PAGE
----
Press Releases

Pro-retention Group Releases First Ad in Support of TN Supreme Court Justices

Press release from Tennesseans for Fair Courts; July 22, 2014:

NASHVILLE, Tenn. (July 22, 2014) – With an unprecedented and nakedly political assault on the Tennessee Supreme Court in full swing, Tennesseans for Fair Courts is ready to strike back with a new ad campaign to protect the independence of the state’s judicial system.

The first ad—a 30-second TV spot—shines a spotlight on the malicious untruths beings spread by political extremists who are attacking three Supreme Court Justices in particular. The ad quotes various media outlets and independent judicial experts who have called the accusations “false,” “misleading,” “lunacy” and a “smear campaign.”

“Experts have evaluated and condemned these false attacks on our state’s Supreme Court, and that is a fact every voter in Tennessee needs to know,” said Clint Kelly, a Hendersonville attorney and spokesperson for Tennesseans for Fair Courts.

The expert analysis, as reported in The Tennessean, WTVF-TV NewsChannel 5, and elsewhere, concludes that accusations that Justices Connie Clark, Sharon Lee and Gary Wade have ever “advanced ObamaCare” are complete fabrications.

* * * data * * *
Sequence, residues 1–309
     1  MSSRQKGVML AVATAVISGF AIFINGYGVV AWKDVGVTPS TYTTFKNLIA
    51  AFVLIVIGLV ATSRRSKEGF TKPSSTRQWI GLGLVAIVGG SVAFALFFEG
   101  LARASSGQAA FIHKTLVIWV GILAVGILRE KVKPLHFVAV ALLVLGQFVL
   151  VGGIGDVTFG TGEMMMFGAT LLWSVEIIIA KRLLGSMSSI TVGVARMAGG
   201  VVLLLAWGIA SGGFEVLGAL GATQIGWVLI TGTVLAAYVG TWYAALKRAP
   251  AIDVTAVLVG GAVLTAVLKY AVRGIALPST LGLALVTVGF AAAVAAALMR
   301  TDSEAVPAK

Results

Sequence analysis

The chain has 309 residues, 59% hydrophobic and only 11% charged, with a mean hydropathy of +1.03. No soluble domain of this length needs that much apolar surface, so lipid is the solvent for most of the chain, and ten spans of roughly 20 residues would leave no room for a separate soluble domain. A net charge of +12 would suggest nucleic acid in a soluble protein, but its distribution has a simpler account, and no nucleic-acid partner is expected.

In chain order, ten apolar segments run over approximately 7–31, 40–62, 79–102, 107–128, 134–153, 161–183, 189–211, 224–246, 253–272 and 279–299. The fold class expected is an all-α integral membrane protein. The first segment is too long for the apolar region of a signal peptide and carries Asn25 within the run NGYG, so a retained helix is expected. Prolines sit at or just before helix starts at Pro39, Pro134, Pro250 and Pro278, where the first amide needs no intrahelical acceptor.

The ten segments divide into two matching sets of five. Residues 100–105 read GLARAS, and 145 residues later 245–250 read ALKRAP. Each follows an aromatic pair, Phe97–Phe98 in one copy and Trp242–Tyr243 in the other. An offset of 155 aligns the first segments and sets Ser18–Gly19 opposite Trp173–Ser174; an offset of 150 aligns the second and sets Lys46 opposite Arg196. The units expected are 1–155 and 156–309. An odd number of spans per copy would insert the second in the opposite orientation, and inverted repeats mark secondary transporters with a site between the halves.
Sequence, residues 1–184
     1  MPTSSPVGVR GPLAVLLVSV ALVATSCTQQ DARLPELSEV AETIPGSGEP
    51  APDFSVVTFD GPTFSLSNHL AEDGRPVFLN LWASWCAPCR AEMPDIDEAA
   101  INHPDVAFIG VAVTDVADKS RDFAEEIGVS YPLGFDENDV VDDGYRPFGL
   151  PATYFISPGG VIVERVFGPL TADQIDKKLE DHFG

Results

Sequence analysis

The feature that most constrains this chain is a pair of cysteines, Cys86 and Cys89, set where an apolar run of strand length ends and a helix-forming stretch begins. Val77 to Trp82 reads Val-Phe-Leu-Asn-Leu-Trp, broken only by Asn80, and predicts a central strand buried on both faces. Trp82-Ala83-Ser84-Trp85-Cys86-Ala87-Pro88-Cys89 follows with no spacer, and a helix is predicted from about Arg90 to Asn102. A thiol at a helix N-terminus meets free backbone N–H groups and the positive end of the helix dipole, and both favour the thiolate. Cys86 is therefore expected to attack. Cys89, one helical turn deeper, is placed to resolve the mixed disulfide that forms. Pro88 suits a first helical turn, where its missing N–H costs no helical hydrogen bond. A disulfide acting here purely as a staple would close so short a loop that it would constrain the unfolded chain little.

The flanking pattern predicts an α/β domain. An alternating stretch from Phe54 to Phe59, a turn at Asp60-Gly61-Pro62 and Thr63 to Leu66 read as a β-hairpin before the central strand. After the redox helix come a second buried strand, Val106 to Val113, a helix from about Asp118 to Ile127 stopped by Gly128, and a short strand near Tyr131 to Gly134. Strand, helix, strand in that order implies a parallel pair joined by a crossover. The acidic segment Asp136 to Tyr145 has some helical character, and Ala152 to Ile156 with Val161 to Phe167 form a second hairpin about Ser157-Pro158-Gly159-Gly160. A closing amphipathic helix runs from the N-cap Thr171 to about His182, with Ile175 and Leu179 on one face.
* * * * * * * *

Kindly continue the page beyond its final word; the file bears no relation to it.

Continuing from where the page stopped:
“That is the lie of all lies to say they had anything to do with ObamaCare,” said Kelly. “They have not made any rulings on ObamaCare, nor are they likely to because that’s a federal issue and this is a state court.”

In a July 20th editorial titled “Don’t be fooled by the smear campaign,” The Tennessean responded to attempts to connect any state Supreme Court Justice to ObamaCare by saying, “This is lunacy—and a sad case of using a charged buzzword just to inflame and mislead.”

“These falsehoods are part of a transparent power grab by Lt. Governor Ron Ramsey. He isn’t satisfied with a super majority in the state legislature and is trying to seize control of the Supreme Court as well,” said Kelly.

The first 30-second TV spot by Tennesseans for Fair Courts is now available online and will be aired on network and cable television in markets across Tennessee. See the ad at